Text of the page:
For gallery operator Bryan Suereth, disjecta allow us to catch artists in midstride, on their way to becoming "accomplished." The current show, 100 Photo Gallery, takes this tack with some photographers' recent work. The exhibition itself is a mixture of experiments, successes, refined pieces and almost-there work, hung on clean white walls with the artists' names stenciled alongside.
Whitney Hubbs' minimalist untitled pieces portray grass as a green, calming haze, while her Map series pinpoints specific locations on a map, leaving surrounding points in a soft blur. Jamie Bell zooms in on rock 'n' roll apparatus: microphones, instruments and equipment stand still and unshaken by music in the center of the frames. Sabrina Guitart's untitled series portrays dramatic and sensual women (muses) amid rain and gloom. But one photo, a woman pushing her heavily made-up face against a car window, looks melodramatic and forced, unable to communicate whatever feeling inspired the piece. It's at odds with the elegance of Guitart's other works.
In the case of Eric McCormack's contributions, the experiments have succeeded. He jumped away from conventional methods and laser-printed the series Ruin, which features a naked blue man caught in a landscape of wooden poles. McCormack's work is the most consistent of the entire exhibition. The laser printing blurs the color and pixelates the images so that they seem enshrouded in a blue mist.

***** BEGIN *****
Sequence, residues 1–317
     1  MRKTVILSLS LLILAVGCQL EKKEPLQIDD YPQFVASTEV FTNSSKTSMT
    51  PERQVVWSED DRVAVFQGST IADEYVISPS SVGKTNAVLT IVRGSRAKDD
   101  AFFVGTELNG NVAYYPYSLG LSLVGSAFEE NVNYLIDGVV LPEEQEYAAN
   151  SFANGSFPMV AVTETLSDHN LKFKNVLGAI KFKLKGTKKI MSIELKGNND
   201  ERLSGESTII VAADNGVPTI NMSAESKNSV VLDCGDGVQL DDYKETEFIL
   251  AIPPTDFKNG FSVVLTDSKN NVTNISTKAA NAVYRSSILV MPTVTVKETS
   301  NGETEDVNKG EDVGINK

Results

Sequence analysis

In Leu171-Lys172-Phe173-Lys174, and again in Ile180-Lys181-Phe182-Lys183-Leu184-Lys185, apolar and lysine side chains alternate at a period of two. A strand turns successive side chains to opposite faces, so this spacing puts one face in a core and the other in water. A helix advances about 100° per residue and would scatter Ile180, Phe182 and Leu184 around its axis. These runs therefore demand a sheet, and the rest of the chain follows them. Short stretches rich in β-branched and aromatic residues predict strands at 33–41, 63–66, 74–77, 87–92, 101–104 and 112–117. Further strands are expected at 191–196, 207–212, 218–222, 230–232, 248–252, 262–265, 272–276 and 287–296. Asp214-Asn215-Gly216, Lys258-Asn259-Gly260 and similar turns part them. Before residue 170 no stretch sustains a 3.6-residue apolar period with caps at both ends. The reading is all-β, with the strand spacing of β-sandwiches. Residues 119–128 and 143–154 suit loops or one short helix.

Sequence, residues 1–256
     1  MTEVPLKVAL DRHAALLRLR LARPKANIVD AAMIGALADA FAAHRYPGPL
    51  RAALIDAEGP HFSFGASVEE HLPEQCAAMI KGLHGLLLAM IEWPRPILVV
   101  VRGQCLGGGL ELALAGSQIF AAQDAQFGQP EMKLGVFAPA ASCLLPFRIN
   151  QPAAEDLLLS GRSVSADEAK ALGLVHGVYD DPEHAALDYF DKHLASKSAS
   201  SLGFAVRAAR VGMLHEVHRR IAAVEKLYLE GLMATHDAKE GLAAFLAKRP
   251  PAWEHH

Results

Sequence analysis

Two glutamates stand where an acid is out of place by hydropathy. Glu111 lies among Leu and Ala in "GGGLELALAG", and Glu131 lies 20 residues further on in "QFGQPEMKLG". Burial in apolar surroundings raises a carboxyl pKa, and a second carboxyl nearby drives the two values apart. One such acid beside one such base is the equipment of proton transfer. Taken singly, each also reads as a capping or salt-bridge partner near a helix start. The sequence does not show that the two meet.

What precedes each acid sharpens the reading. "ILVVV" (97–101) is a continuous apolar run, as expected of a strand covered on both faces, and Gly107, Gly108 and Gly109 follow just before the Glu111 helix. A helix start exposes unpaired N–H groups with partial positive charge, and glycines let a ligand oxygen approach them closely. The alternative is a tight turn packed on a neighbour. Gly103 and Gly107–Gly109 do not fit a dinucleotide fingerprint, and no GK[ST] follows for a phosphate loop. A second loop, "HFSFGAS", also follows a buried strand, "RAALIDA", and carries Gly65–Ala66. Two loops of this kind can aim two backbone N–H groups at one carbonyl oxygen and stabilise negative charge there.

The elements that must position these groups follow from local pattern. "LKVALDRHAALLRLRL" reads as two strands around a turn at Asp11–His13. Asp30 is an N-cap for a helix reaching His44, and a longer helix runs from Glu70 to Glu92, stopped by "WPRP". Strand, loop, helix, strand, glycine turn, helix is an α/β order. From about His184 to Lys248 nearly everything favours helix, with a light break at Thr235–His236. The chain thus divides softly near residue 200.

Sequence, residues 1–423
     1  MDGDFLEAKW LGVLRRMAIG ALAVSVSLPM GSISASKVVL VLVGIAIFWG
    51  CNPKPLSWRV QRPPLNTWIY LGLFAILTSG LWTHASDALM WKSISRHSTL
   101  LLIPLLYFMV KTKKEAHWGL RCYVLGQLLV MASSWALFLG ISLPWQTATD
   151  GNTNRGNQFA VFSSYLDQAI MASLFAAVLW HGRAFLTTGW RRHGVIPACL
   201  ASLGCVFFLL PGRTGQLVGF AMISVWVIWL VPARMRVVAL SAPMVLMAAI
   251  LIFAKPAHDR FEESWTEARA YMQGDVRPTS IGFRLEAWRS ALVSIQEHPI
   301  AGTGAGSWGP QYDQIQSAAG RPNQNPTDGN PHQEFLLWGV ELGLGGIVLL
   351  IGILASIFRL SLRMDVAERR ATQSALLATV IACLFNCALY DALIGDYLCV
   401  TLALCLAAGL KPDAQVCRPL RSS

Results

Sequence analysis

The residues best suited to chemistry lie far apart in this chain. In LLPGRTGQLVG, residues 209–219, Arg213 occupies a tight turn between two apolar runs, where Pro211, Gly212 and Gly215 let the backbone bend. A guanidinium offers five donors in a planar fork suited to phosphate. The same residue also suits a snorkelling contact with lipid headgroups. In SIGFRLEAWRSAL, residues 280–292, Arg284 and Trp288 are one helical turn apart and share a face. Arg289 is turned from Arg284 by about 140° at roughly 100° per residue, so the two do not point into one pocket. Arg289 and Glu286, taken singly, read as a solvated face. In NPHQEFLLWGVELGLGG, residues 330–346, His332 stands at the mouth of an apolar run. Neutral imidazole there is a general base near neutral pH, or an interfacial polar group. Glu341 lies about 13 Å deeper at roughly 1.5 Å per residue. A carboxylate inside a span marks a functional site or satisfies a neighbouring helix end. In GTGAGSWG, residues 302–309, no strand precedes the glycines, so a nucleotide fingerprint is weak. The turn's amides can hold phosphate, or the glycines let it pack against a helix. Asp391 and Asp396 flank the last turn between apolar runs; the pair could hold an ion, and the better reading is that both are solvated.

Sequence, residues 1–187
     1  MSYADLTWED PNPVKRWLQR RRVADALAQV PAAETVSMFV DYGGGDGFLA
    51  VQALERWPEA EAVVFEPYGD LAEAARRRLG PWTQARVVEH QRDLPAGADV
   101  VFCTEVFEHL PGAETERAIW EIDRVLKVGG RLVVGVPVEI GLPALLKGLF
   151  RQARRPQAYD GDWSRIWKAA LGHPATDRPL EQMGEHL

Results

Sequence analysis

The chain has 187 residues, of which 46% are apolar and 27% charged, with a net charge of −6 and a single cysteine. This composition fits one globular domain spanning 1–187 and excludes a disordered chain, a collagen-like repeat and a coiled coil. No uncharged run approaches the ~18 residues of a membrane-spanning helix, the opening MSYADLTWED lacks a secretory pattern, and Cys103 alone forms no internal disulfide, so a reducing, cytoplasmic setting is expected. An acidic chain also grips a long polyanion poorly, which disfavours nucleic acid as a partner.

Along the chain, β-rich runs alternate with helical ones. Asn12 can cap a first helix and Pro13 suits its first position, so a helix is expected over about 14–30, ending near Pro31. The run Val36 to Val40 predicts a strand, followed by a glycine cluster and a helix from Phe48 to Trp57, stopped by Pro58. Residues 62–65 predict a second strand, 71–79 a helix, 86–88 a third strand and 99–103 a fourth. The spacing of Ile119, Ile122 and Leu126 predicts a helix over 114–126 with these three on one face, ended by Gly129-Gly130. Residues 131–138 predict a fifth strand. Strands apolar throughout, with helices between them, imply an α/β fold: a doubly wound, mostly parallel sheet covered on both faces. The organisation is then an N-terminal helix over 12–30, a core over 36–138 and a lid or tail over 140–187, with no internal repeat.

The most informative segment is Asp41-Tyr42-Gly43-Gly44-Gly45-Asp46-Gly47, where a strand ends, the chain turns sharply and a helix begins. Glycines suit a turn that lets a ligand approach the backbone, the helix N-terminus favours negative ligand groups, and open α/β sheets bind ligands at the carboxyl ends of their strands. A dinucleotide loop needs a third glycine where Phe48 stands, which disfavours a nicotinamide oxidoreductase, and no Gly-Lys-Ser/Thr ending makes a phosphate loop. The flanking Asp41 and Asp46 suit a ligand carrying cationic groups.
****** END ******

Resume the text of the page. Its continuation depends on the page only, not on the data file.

Looking at the photos, especially the vague Anonymity #3, Anonymity #7 and Succumb #9 that show the blue man crouching, is like examining an X-ray of your internal organs--everything is both familiar and alien. In one work, mauve and purple leaves burst in the background. In another, an overturned grocery cart's wheel crosses into the frame. The artist is winking, almost. After landing us in a strange place, he's provided landmarks for navigation, but they're so incongruous that it makes the place seem stranger.
Bill Daniel has fashioned an oversized pinhole camera that he hauls cross-country in a van. He opens the van's door to expose his film and create landscape photos. He's hung the landscapes alongside framed postcards from where he's traveled, guiding us through his act of creation (incorporating his disjecta) to the final product. The completed display imparts the sensation of "being there," with the landscapes suggesting, more than depicting, the atmosphere that surrounds the van and its occupant.
All of the work in the show imparts this sense of being a part of a process, of being an artist taking risks, making choices and committing to a piece. The risk factor is what, ultimately, makes disjecta's 100 Photo Gallery worth seeing.
116 NE Russell St., 493-7353. Noon-5 pm Wednesday- Sunday
The Elk Creek Cinema takes over Disjecta at 9 pm Wednesday, Aug. 1. The New York group mixes its 16mm films with puppetry and zine readings.
100 Photo Gallery closes in mid-August.